The bottom tier was huge! It took over 1.5kg of green icing to cover it and this meant that once I had rolled it out it was so heavy to lift (and perhaps a bit thin) it started to tear. My husband helpfully woke up after his post night shift nap at exactly this point and helpfully put his fist through the entire sheet of icing whilst trying to ‘help’ me lift it. I had to re knead and roll from the beginning as by this point the icing had cooled and started to harden again. The second time I tried to roll the icing with more force and much quicker to keep it warm when I lay it on the cake. I think this helped. But I ended up with a lot of folds and a few tears. I was absolutely devastated and took it out on my husbands stupidity for ruining the first attempt when actually I think I needed a bigger sheet of icing to start with.. Or a smaller cake. The second tier was smaller but I rolled out the same amount of icing and this meant that when I placed it over the cake and smoothed it down with my cake smoother I actually didn’t get any (many) folds! I was thrilled! Sorry for the lack of photos – it was a tense time! I recommend watching a video of how to ice a cake!

I managed to pull myself together and decided to cover the green cake in leaves to cover up the folds and tears and I think it worked well.

The cake had to travel over an hour to make it to its final destination. I therefore decided to keep it separate and build it once I arrived. I made Rapunzel’s long blonde hair in advance and wrapped it in cling film so it remained soft to attach it to the cake right at the end. cake

Despite it being a bit wobbly and the small towers trying to escape and Rapunzel’s hair being a bit heavy the cake was a success! Sophie had a wonderful 4th birthday party and loved her cake! So did her friends! Job done!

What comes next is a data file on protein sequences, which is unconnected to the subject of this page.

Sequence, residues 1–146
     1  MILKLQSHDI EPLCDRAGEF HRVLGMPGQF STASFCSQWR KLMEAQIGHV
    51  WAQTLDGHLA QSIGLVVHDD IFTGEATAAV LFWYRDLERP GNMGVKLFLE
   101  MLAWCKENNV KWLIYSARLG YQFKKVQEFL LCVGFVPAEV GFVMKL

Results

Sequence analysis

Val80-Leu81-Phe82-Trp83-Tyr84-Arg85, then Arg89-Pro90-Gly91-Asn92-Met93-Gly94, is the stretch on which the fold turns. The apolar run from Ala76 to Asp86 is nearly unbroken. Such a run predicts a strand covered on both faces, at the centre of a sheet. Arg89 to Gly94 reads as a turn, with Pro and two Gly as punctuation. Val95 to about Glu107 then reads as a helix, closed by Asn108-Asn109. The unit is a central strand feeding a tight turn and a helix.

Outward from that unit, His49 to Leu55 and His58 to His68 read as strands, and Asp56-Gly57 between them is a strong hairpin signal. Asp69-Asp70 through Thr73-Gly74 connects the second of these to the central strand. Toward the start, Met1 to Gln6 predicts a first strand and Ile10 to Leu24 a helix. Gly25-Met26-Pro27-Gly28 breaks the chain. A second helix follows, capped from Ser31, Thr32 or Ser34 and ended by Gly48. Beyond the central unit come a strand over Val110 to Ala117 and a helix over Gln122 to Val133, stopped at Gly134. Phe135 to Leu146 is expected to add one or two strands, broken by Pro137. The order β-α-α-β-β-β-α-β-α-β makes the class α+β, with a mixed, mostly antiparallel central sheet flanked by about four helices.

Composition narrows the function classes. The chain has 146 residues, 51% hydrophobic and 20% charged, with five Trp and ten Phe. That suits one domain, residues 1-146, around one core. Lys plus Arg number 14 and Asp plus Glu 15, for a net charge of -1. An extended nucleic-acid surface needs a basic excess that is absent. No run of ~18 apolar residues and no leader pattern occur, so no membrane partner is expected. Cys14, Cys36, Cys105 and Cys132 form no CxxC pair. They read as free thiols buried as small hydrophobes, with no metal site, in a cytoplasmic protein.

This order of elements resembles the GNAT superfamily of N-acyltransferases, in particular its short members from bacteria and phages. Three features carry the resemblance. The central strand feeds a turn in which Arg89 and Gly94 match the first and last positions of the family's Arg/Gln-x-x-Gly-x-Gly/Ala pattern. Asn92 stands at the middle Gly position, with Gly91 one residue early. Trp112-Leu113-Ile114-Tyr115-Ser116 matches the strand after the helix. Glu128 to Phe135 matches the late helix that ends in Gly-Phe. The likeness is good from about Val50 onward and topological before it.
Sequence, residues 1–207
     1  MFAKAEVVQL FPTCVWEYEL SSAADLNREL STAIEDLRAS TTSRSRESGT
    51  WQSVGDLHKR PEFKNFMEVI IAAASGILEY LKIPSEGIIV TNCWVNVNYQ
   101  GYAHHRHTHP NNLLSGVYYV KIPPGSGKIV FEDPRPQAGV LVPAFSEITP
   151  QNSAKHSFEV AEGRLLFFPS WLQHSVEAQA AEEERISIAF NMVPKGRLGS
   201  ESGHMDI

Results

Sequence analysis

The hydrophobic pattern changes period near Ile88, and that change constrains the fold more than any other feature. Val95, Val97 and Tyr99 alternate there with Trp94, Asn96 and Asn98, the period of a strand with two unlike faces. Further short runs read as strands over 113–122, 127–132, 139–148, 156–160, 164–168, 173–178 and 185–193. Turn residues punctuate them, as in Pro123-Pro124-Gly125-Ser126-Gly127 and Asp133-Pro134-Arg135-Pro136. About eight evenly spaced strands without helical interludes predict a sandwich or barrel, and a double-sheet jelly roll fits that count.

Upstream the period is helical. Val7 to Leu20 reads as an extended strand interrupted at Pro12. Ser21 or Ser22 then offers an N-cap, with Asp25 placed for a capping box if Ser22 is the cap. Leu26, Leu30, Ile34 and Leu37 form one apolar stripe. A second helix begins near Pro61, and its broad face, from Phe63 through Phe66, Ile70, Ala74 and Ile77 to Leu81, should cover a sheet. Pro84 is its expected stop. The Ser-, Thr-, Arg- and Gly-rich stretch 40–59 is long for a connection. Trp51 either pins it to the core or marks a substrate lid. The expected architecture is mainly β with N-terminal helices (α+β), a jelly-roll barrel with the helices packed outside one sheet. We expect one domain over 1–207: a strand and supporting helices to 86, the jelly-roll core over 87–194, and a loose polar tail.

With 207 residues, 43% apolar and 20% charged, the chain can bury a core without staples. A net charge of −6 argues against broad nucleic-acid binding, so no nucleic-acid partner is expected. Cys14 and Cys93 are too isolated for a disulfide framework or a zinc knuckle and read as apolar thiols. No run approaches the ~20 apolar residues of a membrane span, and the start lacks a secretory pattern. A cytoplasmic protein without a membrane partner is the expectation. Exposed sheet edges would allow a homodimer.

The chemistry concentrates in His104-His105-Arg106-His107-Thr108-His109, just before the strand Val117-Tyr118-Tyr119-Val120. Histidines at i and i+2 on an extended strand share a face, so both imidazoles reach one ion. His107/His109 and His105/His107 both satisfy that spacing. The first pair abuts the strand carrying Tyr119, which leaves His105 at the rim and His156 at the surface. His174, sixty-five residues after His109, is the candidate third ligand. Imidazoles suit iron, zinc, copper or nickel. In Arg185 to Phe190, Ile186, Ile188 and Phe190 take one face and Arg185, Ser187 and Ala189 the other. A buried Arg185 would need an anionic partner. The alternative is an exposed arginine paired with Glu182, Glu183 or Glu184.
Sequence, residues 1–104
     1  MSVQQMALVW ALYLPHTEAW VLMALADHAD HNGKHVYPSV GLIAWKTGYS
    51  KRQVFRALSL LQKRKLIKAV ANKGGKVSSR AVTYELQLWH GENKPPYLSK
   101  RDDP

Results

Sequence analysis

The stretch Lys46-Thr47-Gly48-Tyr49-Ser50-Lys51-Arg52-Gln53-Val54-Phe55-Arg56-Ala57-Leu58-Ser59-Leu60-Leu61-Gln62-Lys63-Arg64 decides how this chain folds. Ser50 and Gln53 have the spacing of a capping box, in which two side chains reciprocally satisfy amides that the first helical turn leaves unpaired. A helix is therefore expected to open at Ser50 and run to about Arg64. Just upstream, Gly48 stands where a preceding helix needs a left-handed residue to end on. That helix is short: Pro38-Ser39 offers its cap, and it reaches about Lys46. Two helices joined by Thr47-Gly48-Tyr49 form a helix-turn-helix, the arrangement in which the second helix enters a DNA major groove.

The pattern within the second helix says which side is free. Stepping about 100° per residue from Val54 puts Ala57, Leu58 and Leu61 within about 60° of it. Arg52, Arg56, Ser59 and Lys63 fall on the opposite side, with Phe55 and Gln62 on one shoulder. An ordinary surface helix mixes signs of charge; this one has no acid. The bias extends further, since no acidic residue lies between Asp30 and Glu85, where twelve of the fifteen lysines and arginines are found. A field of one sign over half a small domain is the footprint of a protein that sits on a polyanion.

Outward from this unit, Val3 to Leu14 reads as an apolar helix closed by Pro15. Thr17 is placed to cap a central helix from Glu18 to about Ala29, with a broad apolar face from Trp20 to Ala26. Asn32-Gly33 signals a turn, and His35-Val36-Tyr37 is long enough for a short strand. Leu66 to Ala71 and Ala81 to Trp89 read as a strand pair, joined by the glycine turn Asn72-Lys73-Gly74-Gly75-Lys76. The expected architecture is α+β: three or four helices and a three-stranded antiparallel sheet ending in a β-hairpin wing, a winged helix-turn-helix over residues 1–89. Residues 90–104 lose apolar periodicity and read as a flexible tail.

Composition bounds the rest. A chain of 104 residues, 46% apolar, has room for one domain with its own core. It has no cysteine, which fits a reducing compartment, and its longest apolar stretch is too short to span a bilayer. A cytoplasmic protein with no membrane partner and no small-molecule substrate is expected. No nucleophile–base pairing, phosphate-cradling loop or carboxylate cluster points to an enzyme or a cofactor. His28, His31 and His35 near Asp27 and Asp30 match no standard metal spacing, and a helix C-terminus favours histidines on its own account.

Some problems I encountered and how I overcame them:

  • fail to prepare, prepare to fail

I went to the shops twice a day for three days whilst making this cake. I massively underestimated how much cake mix I would need and actually how much butter, flour, cocoa powder etc I needed. Instead of just doing a pretty sketch I eventually sat down and scaled up my cake mix recipe and also the buttercream. Mr Google is also your friend – having never done this I genuinely thought one pack (250g) of ready roll icing would cover a 26cm cake.. I know! I think the extra shopping trips added to my stress levels and general feeling of incompetence.

  • Rice crispy cakes for moulding

Initially I followed a recipe for rice crispy cakes. This included melted butter. I found that my mixture just wasn’t sticky enough to mould and probably contributed to the demise of my first tower. Just use melted marshmallows and crispies.

  • Marshmallows are sticky

I had a stick of butter at my work station (the dining room table) and kept rubbing it all over my hands, it meant I could handle the rice crispy mix to mould my tower without getting tangled in marshmallow sticky hell

  • Remember gravity

Gravity is not your friend. When you are making a tower structural stability is of the up most importance. Therefore it is essential to make the components as light as possible – I think hollow is better. I also never knew that you had to support the tiers of the cake with plastic rods and cardboard bases – its so easy to do and means if the cake is sitting for a long time – for example if you are stupid enough to agree to make a friends wedding cake – the tiers don’t sink into each other.

  • Softened butter

Until now I always used bars of hard butter to make cakes. But the recipe always calls for softened butter – I read you should put them in hot water in the wrapper. This helps but is a massive pain. Instead I found ‘Stalk’ butter – way cheaper and soft from the fridge. So much easier!

  • Cooking big cakes

If you double the mixture you effectively should expect to double the cooking time. My cakes were quite large and so took about 55mins to give me a clean skewer. I kept my cool, the oven door closed and had no sunken middles. Having said that, at about 35mins I popped a sheet of grease proof paper on top to stop the top from catching.

  • Split butter icing

Apparently you can over whisk butter icing. If the butter melts too much the mixture becomes pale and grainy. I don’t think I knew this before. I actually covered the bottom tier in it before I decided something wasn’t quite right. I scraped it all off and started again.

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In the bowl you can see the ‘split’ icing compared to the second batch I made which is on the cake

  • don’t try your luck

Having done so well I got cocky and thought I could make Rapunzel’s face.. Know when to stop!img_0053